Although reporting your incident data may not be compulsory, the advantages far outweigh any downside. I’d like to begin by clearing up some misconceptions.
Misconception #1: It’s a requirement.
Yes or No; it depends where you live. Reporting to NFIRS is not a requirement from the national level. Some states directly require departments to submit data in order to recieve funding. My hat is off to those states that recognize the importance of this data. Reporting to NFIRS is voluntary for agencies not required to report to another authority. However, if you are thinking of applying for a federal grant and you have not reported to NFIRS, your grant application will not even be considered.
Misconception #2: It’s a black hole.
Naysayers about NFIRS will say data goes in, but nothing comes back out. Although it can be difficult to get the data you want from NFIRS, it is certainly not impossible. Like most federal programs today, NFIRS is underfunded and shorthanded. The most recent statistics available were released in 2013 and measure from 2002–2012. (Here is the link to the data center.)
Misconception #3: It’s paperwork.
No, it’s data, and data can be a powerful tool. Did you know that 48.7% of residential building fires were caused by cooking-related incidents? This stat was compiled as a result of data entered into NFIRS by departments just like yours.
Another stat: the leading cause for fatal residential building fires is smoking-related (15%). Keep in mind that 12.1% of residential fires are reported as still being under investigation. Additionally, the people who hold the purse strings for your organization are usually the ones making decisions that affect everyone in the department. They make decisions by analyzing data. The better and more accurate the data that you enter for your department, the better decisions they can make.
The National Fire Information Reporting System (NFIRS)
The National Commission of Fire Prevention and Control established NFIRS in 1973 following the release of a groundbreaking report, called America Burning. NFIRS was established by the National Fire Data Center a part of the United States Fire Administration (USFA), which is a division of the Federal Emergency Management Agency (FEMA).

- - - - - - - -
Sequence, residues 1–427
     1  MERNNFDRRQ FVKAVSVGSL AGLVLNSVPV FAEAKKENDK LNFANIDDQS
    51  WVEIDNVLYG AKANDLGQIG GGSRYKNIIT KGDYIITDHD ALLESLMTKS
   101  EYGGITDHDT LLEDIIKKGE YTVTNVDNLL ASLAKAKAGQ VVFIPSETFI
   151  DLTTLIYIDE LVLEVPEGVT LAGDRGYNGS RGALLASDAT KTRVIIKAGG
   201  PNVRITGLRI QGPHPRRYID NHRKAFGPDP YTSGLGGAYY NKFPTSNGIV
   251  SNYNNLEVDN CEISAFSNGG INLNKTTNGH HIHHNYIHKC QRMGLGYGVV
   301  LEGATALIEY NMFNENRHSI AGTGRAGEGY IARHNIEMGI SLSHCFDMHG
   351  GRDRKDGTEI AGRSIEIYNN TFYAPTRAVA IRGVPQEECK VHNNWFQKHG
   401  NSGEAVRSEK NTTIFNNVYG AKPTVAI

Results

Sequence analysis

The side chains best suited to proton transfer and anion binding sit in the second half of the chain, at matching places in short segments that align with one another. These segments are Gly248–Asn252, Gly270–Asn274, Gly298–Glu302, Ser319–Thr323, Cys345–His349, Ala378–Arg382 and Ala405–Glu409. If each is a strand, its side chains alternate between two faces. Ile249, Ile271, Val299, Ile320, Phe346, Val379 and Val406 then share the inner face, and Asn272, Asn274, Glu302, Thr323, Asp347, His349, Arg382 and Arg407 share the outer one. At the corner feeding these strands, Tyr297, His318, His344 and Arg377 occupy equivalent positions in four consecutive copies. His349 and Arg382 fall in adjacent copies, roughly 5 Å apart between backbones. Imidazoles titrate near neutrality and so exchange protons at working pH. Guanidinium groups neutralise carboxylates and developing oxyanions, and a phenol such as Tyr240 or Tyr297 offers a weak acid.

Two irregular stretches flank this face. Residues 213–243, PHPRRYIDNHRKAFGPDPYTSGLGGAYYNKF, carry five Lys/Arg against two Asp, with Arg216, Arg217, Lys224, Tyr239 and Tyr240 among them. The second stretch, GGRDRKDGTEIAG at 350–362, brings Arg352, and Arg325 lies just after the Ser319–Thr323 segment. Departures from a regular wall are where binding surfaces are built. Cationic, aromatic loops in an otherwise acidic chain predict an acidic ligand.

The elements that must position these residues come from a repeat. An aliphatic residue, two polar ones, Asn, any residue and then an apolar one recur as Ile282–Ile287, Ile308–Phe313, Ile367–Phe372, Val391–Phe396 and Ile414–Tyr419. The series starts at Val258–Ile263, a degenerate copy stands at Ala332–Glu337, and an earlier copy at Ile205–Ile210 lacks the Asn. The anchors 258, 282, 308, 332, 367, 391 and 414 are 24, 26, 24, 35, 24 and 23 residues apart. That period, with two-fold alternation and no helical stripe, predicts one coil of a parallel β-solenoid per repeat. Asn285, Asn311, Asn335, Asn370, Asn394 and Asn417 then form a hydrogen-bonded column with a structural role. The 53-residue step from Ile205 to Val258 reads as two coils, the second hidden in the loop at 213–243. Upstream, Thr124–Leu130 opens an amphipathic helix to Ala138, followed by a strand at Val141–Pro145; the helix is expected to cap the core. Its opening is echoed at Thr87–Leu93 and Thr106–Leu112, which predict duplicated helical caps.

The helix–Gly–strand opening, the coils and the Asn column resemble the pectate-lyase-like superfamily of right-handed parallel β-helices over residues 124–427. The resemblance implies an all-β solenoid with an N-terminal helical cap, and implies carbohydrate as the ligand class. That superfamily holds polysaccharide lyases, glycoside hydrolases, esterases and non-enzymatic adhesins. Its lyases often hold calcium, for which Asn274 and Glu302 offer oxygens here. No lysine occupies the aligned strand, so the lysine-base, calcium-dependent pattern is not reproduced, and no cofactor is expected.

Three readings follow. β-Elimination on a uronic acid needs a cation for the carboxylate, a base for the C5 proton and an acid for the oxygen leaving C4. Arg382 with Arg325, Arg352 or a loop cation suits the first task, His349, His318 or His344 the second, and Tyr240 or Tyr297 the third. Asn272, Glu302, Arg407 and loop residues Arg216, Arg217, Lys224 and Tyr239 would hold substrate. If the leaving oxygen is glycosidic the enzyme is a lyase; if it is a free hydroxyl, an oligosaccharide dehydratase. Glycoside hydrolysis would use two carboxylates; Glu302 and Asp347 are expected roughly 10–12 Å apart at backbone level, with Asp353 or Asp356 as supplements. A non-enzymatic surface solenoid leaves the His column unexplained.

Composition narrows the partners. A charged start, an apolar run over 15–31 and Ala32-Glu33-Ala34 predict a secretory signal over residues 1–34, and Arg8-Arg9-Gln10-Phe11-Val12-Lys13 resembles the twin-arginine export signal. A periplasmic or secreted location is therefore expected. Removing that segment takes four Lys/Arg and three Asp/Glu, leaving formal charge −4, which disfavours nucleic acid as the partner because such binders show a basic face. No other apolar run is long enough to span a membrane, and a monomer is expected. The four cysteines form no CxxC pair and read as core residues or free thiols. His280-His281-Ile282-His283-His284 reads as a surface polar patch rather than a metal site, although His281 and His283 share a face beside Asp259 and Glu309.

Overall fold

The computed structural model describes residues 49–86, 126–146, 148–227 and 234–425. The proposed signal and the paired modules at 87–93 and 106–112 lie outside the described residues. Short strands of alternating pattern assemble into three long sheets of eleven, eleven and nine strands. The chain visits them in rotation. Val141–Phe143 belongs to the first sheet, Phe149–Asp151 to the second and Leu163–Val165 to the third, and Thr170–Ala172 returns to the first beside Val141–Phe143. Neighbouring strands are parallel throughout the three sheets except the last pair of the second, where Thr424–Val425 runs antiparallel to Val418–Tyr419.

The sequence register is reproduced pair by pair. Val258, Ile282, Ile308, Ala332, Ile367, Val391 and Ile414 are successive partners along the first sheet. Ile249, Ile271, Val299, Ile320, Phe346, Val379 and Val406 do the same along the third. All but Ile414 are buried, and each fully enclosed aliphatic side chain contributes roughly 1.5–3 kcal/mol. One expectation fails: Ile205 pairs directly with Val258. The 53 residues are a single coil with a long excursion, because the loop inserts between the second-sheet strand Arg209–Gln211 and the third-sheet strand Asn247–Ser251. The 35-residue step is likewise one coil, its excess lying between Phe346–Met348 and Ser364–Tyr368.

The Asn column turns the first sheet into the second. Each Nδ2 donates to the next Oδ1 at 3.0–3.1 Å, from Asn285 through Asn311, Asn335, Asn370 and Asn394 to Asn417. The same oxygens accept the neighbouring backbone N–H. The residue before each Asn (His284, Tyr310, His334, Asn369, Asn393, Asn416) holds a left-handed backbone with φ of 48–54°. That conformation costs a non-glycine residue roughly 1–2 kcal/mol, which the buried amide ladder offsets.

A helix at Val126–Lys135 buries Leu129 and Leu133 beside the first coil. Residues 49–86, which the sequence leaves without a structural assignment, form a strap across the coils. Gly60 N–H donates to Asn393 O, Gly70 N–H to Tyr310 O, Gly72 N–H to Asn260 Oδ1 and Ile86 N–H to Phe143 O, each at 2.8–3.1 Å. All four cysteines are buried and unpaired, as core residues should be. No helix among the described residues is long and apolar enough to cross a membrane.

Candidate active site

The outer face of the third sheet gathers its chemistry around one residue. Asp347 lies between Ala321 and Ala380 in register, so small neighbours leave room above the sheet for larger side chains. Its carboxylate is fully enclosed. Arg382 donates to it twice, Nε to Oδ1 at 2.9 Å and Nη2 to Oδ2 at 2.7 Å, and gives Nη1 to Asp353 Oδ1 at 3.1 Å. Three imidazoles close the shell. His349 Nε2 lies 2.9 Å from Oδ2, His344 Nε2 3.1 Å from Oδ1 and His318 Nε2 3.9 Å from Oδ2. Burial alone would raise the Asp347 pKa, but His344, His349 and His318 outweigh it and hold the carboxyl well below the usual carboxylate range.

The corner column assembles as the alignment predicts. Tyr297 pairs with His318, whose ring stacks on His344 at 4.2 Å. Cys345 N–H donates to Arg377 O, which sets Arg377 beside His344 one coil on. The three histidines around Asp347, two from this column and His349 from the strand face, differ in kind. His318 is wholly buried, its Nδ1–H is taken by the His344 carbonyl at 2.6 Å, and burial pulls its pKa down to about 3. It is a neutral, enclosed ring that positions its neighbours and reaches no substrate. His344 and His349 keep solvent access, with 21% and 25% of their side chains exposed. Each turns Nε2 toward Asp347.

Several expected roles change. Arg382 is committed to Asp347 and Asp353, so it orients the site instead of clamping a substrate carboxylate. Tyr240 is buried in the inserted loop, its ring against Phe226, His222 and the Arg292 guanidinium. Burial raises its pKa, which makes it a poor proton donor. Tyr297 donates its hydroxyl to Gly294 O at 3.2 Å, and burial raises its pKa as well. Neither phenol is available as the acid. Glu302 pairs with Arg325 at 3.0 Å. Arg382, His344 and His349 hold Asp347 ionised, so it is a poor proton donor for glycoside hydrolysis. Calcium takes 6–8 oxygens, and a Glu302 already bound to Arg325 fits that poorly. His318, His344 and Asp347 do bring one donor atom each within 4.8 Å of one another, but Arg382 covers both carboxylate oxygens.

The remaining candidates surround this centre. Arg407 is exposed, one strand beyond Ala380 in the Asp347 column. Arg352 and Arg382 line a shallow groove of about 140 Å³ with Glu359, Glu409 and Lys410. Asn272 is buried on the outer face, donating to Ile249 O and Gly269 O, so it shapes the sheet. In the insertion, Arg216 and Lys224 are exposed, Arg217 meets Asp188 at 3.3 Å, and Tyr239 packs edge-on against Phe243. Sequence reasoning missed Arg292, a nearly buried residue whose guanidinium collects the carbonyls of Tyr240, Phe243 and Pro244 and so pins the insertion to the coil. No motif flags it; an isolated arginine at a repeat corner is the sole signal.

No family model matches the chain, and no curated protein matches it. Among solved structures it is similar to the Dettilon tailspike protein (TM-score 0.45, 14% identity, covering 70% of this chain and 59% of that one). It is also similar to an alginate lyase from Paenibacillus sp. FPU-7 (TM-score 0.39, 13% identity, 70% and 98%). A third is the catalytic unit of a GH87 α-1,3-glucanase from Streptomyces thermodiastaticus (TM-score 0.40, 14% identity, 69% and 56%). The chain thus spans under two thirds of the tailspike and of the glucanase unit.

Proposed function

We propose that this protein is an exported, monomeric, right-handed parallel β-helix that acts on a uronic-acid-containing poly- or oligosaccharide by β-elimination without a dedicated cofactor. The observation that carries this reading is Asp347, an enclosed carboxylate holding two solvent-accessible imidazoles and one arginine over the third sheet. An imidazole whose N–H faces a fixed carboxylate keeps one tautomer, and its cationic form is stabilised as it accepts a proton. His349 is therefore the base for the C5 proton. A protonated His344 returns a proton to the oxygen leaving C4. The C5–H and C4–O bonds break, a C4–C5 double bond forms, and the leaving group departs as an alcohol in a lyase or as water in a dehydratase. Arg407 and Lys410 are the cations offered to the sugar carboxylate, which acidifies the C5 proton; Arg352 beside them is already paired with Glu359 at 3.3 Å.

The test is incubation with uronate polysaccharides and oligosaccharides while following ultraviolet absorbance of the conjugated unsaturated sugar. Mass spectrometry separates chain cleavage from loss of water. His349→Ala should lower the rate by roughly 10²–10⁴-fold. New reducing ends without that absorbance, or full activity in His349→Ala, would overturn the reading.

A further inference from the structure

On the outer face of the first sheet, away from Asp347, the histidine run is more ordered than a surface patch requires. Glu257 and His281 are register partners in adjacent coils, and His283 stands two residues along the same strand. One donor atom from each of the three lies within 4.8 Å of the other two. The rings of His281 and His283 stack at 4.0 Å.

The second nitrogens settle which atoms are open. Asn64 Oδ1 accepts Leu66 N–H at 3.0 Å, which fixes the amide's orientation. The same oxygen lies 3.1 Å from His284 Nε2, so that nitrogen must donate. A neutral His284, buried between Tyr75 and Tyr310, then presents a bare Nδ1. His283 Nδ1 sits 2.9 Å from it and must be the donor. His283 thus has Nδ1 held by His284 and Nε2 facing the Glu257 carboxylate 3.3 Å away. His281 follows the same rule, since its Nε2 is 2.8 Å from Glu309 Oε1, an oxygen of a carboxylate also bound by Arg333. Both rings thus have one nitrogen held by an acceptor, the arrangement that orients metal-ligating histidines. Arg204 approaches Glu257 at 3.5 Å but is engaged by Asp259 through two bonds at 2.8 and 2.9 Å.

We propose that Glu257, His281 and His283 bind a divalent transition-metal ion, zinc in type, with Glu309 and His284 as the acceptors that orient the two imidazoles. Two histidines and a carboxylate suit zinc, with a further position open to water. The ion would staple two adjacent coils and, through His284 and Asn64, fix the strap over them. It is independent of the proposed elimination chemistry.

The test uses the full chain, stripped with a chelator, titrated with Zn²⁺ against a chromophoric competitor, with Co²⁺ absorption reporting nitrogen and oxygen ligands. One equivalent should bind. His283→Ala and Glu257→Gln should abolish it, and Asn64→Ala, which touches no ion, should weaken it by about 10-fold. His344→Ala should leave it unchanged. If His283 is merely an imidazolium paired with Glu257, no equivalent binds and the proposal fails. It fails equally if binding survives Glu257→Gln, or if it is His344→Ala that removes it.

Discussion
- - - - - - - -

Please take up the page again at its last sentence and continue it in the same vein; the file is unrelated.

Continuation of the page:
When NFIRS was first established, it was based on National Fire Protection Association (NFPA) Standard 901 Uniform Coding for Fire Protection 1976 version. In January 1999, NFIRS Version 5.0 was released and expands the collection of data beyond fires to include a full range of fire department activity to make it a true, all-incident reporting system.
This leads me to the point of this article. Every year, around January, we get questions from customers about NFIRS reporting. They have stored their incident reports for the entire year and now want to submit them to NFIRS. The problem is they only want to submit the fire reports and not the EMS reports. NFIRS wants to collect all of the incidents that a department responded to, not just the fire incidents. If you actually responded to the EMS incident with personnel and apparatus, then fill out the NFIRS report and submit it. This has two critical advantages:
- You are reporting the same way other departments report, so you are on a level playing field when it comes to reviewing grant applications.
- Your run count will reflect the total number of incidents your department has responded to. By reporting just the few fire calls you did last year, you are missing most of your department’s other calls.
When it comes to grants, departments with a greater call volume (all types) are eligible to receive more money than those who only run just a few. Remember NFIRS is intended to be an all-incident reporting system.
There is much more to cover on this and we will be having a Virtual Thursday Webinar on NFIRS Coding on February 5th 2015 with Tom Louis and Tommy Batson. If you miss it you will be able to find the recording here